From fermented foods like yogurt and cheese to milk and lactose-free milk, dairy foods can help give you the nutrients you need to keep your body going strong. See what experts are saying about dairy foods’ contributions when it comes to a healthy gut and immune function, reduced inflammation, reduced risk of chronic diseases and optimizing wellness.
The variety of nutrient-rich dairy foods available offers something for almost everyone’s wellness and taste needs throughout their lives. Milk packs in 13 essential nutrients in every serving, including, protein, zinc, selenium, vitamin A and vitamin D, which contribute to healthy immune function. And dairy foods like cheese and yogurt also provide high-quality protein, calcium, vitamin A, B vitamins and more!
Dairy foods provide about 52% of the calcium, 51% of the vitamin D and 17% of the protein consumed by Americans. Research shows that healthy eating styles, which include low-fat and fat-free dairy foods, are linked to a reduced risk of some of the most prevalent chronic diseases in the U.S.—type 2 diabetes and cardiovascular disease in adults—as well as improved bone health.
Did you know that real cow’s milk contains a powerful punch of nutrients? Milk contains essential nutrients like high-quality protein, calcium, vitamins A and D and more. These key nutrients help our bodies thrive. And eating a balanced diet, which includes fruits, vegetables, dairy, lean meats and whole grains, can help keep you healthy, including your immune system. Here are some nutrients in dairy foods your body needs:
- Protein, which is found in milk, cheese and yogurt, helps build and repair muscle tissue and is the building block of all cells in the body—including immune cells and immune-signaling molecules.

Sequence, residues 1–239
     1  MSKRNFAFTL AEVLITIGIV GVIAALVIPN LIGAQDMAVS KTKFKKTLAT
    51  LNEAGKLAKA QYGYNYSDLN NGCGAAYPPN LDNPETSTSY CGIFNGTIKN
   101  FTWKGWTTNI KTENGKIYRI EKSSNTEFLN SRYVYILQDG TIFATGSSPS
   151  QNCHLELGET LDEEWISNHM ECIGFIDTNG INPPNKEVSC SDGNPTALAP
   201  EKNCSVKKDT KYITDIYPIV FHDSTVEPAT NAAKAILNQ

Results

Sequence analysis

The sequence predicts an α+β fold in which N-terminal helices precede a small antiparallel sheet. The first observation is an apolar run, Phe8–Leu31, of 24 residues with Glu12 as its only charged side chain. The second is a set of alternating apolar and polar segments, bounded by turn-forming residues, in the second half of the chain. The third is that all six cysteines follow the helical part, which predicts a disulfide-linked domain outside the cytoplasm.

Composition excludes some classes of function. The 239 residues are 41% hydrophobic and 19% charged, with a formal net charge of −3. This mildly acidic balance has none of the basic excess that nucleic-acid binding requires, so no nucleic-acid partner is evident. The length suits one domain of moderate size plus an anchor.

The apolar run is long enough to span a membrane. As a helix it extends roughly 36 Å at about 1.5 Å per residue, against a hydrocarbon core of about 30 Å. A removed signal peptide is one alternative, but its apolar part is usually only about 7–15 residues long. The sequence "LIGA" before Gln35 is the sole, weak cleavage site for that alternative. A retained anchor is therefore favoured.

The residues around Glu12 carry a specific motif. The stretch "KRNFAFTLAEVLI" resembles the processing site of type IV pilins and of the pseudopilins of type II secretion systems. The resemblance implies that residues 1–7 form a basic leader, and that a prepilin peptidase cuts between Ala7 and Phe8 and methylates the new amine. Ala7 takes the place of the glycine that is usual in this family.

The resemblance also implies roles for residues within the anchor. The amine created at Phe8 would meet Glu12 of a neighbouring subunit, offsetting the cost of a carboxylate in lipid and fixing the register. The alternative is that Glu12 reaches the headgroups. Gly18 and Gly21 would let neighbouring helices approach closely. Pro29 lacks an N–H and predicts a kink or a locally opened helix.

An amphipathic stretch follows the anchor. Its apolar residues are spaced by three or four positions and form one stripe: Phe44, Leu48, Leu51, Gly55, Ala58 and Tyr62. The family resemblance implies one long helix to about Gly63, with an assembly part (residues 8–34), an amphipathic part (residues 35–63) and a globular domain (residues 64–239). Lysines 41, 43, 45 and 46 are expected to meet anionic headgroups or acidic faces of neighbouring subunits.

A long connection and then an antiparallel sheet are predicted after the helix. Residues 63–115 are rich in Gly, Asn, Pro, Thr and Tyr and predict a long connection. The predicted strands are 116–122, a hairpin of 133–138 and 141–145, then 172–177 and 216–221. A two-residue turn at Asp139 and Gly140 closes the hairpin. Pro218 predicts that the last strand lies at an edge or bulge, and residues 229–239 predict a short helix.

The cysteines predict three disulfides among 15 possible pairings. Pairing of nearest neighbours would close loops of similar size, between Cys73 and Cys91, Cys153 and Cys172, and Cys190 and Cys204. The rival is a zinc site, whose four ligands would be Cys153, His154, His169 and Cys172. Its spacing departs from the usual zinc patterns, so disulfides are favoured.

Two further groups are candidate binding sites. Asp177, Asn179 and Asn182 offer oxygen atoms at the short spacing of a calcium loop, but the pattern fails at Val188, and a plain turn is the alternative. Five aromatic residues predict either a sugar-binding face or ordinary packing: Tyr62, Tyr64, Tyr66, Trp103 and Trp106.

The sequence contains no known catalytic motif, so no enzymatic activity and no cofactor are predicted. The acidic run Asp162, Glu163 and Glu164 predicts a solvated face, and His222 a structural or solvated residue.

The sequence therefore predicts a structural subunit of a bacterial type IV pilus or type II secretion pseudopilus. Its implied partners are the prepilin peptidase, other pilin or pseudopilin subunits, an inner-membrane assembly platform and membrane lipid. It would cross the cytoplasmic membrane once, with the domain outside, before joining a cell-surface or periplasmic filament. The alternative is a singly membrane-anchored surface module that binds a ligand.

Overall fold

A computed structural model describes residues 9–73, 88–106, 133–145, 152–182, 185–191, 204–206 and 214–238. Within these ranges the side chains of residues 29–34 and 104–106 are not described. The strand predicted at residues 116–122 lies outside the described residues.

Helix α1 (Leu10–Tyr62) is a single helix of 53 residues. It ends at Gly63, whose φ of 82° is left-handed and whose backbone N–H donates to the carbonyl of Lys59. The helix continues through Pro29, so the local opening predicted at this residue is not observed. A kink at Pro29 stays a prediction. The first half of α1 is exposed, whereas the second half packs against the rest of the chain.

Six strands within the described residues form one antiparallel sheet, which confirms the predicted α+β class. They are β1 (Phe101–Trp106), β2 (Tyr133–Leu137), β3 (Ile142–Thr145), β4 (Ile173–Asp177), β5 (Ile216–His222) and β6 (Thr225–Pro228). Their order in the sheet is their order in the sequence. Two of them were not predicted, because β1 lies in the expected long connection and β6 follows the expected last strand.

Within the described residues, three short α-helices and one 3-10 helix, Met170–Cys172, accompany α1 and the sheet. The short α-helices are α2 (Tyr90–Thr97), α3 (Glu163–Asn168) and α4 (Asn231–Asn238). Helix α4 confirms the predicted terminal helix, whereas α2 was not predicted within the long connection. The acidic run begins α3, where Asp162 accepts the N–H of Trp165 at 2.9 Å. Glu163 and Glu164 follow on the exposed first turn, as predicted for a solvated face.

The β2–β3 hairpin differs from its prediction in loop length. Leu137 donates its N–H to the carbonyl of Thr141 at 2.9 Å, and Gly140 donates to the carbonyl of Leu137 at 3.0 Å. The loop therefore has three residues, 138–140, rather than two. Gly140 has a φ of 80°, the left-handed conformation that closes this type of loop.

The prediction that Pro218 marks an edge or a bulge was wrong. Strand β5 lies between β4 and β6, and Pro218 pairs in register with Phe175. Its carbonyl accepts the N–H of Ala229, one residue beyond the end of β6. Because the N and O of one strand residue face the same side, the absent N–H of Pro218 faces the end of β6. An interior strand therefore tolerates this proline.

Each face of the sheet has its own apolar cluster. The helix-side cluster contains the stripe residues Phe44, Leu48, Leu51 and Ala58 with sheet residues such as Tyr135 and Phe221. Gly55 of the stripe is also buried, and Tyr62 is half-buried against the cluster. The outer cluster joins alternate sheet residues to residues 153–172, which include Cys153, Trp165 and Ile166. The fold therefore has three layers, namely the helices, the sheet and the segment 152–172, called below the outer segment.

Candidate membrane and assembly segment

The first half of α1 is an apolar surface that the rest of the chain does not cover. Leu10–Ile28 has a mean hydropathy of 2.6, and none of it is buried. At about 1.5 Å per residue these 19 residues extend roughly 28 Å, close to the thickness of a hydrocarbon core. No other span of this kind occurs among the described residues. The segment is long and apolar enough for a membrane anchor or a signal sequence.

- Milk and yogurt are good sources of zinc, known to be important for normal immune function.
- Milk is a good source of vitamin A, which helps support healthy immune cells and keep skin and eyes healthy.
- Calcium, phosphorus and vitamin D help build and maintain strong bones and teeth.
Dairy foods also contain B vitamins, which can help your body convert food into fuel:
- Vitamin B12 — milk, cheese and yogurt
- Riboflavin (vitamin B2) — milk and yogurt
- Pantothenic acid (vitamin B5) — milk and yogurt
- Niacin (vitamin B3) — milk and cheese
The body of research supports eating dairy as part of an overall healthy diet to help reduce the risk of chronic diseases. A growing number of studies indicate that eating dairy foods is associated with:
- a lower risk for type 2 diabetes and cardiovascular disease
- reduced blood pressure
- neutral to lower levels of inflammation
- improved bone health.
Dairy nourishes life, helping people thrive throughout their lives. Dairy foods are included in all of the healthy eating patterns recommended by the Dietary Guidelines for Americans (DGA), which are linked to reduced risk of chronic diseases. Dairy foods also are included in recommendations for pre-natal and maternal health, and yogurt and cheese are recommended as complementary foods to human milk or iron-fortified formula starting at age 6 months, with whole milk, plain reduced-fat yogurt and reduced-fat cheese at age appropriate servings from 12 to 23 months. There are options in the dairy case for almost everyone—including lactose-free or low-lactose varieties for those with lactose intolerance.
Lactose intolerance can be a barrier to dairy consumption and can put people at risk of not getting the nutrition their bodies need. The good news is that living with lactose intolerance doesn’t mean you have to give up your favorite dairy foods. Did you know that each person with lactose intolerance is likely able to tolerate varying degrees of lactose? It is all about understanding how much lactose is in the foods you love and how much you can handle at once. For example, there is lactose-free milk, which is real milk with milk’s nutrients, just without the lactose.
No matter how you enjoy it, eating dairy as part of a healthy meal plan can help you keep your gut and immune function healthy with a powerful package of nutrients that are hard to replace.